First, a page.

How to Deadlift

 The Set Up

Deadlifting is one of our primal movement patterns. We have been deadlifting since we could walk on two feet. Every time you bend over and pick up a rock, the washing, the kids you are performing a deadlift. It is one of, if not the strongest way we can lift objects.

The problem with it being so engrained into our DNA it means we can become complacent with it, especially when we go to lift a heavy object. We have the potential to move a lot of weight with the deadlift regardless of our training experience. This is good if you need to lift a tree off a friend in an emergency but not so good if you are at the gym, you are not used to lifting heavy and your mates are egging you on to lift as heavy as you can!!

The first step to a good deadlift is the set up. Work on performing the following

  • Stand as close to the base as you can

  • Feet are under your hips or hip width apart

  • Shoot your hips back and then start to bend at the knees

  • Hold on to the bar at shoulder width

  • Push your chest through and flatten your back off

  • Have your hips just below shoulders

  • Pull your shoulders back and down

Hold the setup position for 5-10 secs and then leg go of the bar and stand up then go back down into your set up position. Work on getting into the perfect set up position. Perform 5-10reps to really engrain a solid set up.

Squeeze to knees ( hold your shape)

Once you are feeling confident with your set up the next part of the deadlift is to lift it off the ground. If you have a good solid set up the chances are the rest of the movement will be good. However you still need to concentrate on holding good shape as you perform the deadlift.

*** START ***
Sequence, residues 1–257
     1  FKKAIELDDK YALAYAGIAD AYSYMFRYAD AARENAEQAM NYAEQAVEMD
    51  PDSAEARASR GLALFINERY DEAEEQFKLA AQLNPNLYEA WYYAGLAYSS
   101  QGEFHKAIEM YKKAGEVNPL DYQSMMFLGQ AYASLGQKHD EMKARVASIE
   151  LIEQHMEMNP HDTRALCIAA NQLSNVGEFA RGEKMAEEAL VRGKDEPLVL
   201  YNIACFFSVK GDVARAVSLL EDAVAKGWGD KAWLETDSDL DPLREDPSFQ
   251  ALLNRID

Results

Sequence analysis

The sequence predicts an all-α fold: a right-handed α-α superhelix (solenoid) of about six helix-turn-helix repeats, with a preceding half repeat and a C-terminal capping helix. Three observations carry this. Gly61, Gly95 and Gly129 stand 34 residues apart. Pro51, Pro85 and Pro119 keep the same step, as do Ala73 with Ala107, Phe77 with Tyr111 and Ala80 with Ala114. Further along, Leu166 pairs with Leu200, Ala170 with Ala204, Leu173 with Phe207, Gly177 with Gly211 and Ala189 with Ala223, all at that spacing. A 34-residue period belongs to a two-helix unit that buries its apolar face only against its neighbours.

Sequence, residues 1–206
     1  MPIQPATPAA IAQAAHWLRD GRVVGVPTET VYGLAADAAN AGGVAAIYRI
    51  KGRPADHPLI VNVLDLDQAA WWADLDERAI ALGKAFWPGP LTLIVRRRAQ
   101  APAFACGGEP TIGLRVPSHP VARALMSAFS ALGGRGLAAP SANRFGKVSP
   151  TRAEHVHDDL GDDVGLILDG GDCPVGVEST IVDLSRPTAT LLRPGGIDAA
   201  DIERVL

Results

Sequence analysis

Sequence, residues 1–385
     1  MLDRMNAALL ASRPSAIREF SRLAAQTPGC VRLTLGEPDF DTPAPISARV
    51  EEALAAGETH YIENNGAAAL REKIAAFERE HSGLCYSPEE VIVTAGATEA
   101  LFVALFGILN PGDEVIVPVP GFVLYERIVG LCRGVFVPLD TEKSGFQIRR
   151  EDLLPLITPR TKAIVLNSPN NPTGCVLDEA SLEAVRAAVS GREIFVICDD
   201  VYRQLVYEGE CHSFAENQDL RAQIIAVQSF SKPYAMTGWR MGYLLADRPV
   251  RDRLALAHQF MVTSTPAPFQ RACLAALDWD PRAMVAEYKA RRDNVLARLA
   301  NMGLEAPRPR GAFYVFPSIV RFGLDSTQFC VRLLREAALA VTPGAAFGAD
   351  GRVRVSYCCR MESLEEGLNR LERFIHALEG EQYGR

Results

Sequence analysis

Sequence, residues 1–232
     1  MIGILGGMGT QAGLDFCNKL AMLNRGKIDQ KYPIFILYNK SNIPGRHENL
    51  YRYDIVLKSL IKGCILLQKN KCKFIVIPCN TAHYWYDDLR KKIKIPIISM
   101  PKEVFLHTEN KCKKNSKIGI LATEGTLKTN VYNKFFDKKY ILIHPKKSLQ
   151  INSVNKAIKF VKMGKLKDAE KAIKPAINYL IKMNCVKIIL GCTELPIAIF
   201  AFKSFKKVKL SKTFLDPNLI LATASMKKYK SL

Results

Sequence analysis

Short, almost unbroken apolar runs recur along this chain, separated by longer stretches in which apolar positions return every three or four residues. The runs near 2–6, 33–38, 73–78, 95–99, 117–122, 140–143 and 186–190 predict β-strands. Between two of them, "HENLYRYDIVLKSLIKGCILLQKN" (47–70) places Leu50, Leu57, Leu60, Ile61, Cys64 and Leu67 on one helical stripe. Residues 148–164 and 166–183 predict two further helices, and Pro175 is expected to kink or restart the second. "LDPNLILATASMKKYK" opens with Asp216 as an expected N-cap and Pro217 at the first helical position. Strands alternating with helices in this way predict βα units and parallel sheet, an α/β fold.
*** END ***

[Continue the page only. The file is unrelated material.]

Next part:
The best way of doing this is to think of squeezing the bar off the ground rather than trying to pull the weight off the ground as fast as possible.

This will help you hold a good position throughout the movement. Once the bar starts to pass the knees then think of shooting the hips through and extending your hips.

At the top of the movement you want to have your quads, glutes and abs engaged. 

To come back down, think of reversing the movement, let your hips drift back lengthening through the hamstrings, as the bar gets to your knee start to bend the knees, keep your back tight and lower the bar to the ground.

As you become stronger and more experienced, then you can focus more on getting the bar off the ground faster. But unless you have been deadlifting for a long time, i would recommend keeping to the rule, squeeze to the knees and then shooting the hips through.

Tight shoulders

As you become better at deadlift you are going to want to lift heavier. This is good but you need to make sure that you are setting your shoulders properly to help avoid injury and help increase your potential to lift more.

One of the biggest mistakes i see is that when people deadlift they let their shoulder roll forward. This is due to either lack of awareness around the shoulders or lack of strength in the shoulder. Often it is both!!